At least 26 prisoners died during transfer or shortly after admission to hospital, following deliberate delays by prison medical staff and/or prison officials, which proved fatal.

In at least six cases, critically ill prisoners were moved to solitary confinement, punishment wards, or quarantine sections; four of them died alone in prison while two were eventually authorized for hospital transfers, but it proved too late.

In many cases, both prison clinic medical staff and prison officials accused prisoners experiencing medical emergencies of “faking” or “exaggerating” their symptoms.

For example, Nader Alizehi was accused of “faking” his illness by the head of the clinic at the main prison in Zahedan. He died in November 2017, at the age of 22. According to human rights groups, Nader was refused specialist medical care for his heart disease and sent away by clinic staff with gastrointestinal medication.

Lives cut short

In the vast majority of cases, prisoners who died were young or middle aged – 23 were between the ages of 19 and 39, and 26 between the ages of 40 and 59, raising further concerns that lives are being cut short by denial of healthcare.

Prisons with high populations of oppressed minorities feature particularly heavily – 22 of the 96 deaths recorded took place in the prison in Urumieh, West Azerbaijan province, where most prisoners are from Kurdish and Azerbaijani Turkic minorities. Thirteen deaths were recorded at the main prison in Zahedan, Sistan and Baluchestan province, where prisoners mostly belong to Iran’s oppressed Baluchi minority.

At least 11 prisoners died after being denied adequate healthcare for traumatic injuries resulting from specific incidents that occurred at the time of arrest or during imprisonment. The other 85 prisoners died after being denied adequate medical care for serious medical emergencies involving, among things, heart attacks and strokes, gastrointestinal complications, respiratory complications, kidney problems, Covid-19 or other infectious diseases, which either emerged suddenly or were related to pre-existing illnesses for which they had not received adequate specialized healthcare throughout their imprisonment.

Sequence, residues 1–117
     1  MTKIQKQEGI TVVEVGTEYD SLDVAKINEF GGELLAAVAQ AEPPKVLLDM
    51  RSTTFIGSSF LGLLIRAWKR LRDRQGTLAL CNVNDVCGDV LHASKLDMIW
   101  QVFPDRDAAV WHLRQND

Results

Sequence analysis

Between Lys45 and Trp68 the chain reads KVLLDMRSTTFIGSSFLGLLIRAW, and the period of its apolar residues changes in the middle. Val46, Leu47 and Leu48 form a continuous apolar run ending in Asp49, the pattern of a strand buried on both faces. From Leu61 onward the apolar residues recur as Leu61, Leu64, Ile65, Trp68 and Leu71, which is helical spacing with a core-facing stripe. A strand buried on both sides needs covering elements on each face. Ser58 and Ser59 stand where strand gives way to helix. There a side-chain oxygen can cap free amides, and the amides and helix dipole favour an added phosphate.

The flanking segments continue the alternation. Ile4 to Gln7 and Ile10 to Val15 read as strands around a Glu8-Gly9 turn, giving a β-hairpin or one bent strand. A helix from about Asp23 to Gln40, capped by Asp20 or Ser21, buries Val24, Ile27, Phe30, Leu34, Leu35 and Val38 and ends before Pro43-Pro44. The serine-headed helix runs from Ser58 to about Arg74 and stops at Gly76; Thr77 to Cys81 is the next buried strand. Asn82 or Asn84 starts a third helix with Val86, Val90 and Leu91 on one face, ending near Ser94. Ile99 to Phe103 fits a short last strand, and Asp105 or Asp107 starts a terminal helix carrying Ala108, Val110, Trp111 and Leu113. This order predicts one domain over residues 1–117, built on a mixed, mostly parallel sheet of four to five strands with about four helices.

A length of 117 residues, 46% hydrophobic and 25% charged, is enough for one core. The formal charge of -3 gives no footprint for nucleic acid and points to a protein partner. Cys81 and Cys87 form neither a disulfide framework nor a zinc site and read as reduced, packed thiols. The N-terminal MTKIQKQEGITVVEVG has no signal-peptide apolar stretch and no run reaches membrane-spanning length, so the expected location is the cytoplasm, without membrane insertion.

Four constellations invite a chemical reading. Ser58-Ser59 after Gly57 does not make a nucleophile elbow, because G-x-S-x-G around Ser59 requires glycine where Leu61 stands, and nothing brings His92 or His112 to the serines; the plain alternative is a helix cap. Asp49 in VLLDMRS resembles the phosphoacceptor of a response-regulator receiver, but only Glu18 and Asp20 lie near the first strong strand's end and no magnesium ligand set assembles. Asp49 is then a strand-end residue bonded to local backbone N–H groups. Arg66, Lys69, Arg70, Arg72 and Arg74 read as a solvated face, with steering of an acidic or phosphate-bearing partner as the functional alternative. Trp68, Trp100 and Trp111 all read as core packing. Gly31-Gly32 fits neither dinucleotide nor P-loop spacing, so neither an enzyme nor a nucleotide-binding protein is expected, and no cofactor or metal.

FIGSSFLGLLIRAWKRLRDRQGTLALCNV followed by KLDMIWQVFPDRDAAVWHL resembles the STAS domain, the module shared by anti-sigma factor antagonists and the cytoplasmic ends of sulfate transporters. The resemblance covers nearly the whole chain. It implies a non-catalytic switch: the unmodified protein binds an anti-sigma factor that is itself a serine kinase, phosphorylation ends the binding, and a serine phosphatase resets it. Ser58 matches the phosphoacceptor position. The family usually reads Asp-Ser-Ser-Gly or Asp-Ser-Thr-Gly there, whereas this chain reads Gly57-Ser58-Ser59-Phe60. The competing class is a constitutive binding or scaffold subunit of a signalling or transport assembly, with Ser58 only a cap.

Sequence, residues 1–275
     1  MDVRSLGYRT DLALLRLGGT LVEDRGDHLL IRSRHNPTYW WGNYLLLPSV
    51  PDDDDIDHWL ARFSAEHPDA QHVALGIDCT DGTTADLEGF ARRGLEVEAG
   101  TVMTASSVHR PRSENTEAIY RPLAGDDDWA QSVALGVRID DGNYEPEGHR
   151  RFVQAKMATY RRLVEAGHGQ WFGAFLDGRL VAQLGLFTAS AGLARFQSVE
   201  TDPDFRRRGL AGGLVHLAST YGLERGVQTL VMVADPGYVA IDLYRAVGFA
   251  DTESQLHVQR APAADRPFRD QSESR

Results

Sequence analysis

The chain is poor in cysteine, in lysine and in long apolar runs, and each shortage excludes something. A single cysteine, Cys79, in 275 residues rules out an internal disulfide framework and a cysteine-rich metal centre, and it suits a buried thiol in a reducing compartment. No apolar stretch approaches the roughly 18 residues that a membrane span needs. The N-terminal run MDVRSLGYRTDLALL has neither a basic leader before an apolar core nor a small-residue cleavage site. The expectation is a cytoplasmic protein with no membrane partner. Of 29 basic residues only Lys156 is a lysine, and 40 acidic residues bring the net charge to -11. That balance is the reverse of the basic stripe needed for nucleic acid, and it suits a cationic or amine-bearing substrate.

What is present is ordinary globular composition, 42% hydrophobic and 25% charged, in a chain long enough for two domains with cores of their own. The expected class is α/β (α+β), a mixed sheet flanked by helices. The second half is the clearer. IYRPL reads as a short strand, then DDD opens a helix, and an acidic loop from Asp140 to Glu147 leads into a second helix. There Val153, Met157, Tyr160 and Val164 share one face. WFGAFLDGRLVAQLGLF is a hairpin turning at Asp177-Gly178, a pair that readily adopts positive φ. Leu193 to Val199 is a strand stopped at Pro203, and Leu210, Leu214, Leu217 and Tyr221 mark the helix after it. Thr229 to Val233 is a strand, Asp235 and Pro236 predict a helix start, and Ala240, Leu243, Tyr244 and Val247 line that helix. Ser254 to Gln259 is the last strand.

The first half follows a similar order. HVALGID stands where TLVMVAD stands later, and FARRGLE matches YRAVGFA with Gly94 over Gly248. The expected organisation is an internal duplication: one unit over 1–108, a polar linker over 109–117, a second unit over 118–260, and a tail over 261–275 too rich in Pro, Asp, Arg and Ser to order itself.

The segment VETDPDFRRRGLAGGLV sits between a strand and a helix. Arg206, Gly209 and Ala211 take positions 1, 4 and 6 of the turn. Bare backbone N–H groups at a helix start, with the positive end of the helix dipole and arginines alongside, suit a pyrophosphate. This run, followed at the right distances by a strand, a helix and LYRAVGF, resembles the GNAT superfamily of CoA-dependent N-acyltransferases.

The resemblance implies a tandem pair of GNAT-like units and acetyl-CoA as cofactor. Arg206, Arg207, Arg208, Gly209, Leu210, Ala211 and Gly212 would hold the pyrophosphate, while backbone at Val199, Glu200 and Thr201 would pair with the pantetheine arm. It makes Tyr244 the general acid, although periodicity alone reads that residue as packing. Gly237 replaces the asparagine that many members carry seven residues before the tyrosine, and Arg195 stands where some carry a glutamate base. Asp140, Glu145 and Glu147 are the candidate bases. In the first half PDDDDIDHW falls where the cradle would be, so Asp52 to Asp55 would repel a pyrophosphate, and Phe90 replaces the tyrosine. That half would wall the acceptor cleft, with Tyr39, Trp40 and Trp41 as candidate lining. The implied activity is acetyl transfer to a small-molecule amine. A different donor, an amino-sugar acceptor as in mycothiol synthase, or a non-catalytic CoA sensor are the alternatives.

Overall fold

The cases of 20 prisoners were of a political nature. The remainder had been convicted of or charged with non-political offences.


The crisis of systemic impunity prevailing in Iran has emboldened prison officials to persist with deadly denial of medical care to prisoners.

The crisis is characterized not only by the authorities’ systematic refusal to investigate, but also by their promotion of narratives praising the quality of health services offered to prisoners as “exemplary” or “unparalleled” throughout the world, which indicates that they have no intent to change course.

Given this context, Amnesty International reiterates its call for the UN Human Rights Council to set up an investigative and accountability mechanism to collect, preserve and analyse evidence of the most serious crimes under international law and human rights violations committed in Iran to facilitate fair criminal proceedings.

“The shadow of death will continue to cast over Iran’s ailing prisoners until effective, thorough, transparent, impartial and independent investigations are conducted to determine the circumstances surrounding deaths in custody and the responsibility of those involved in the deaths,” said Diana Eltahawy.

To prevent further avoidable loss of life as a result of denial of vital medical care, Amnesty International is urging Iranian authorities to require, in law and practice, that, pending structural improvements in prison clinics, prisoners experiencing medical emergencies are immediately transferred to medical facilities outside prison. Prisoners diagnosed with serious pre-existing illness or displaying signs and symptoms of what may be serious health problems must similarly be promptly transferred to medical facilities outside prison for adequate medical care.

Amnesty International also calls on the Iranian authorities to reform deeply flawed provisions in Iran’s prison regulations, which grant prison directors and prosecution officials the power to ignore or overrule medical advice and make healthcare decisions concerning the transfer of prisoners for treatment.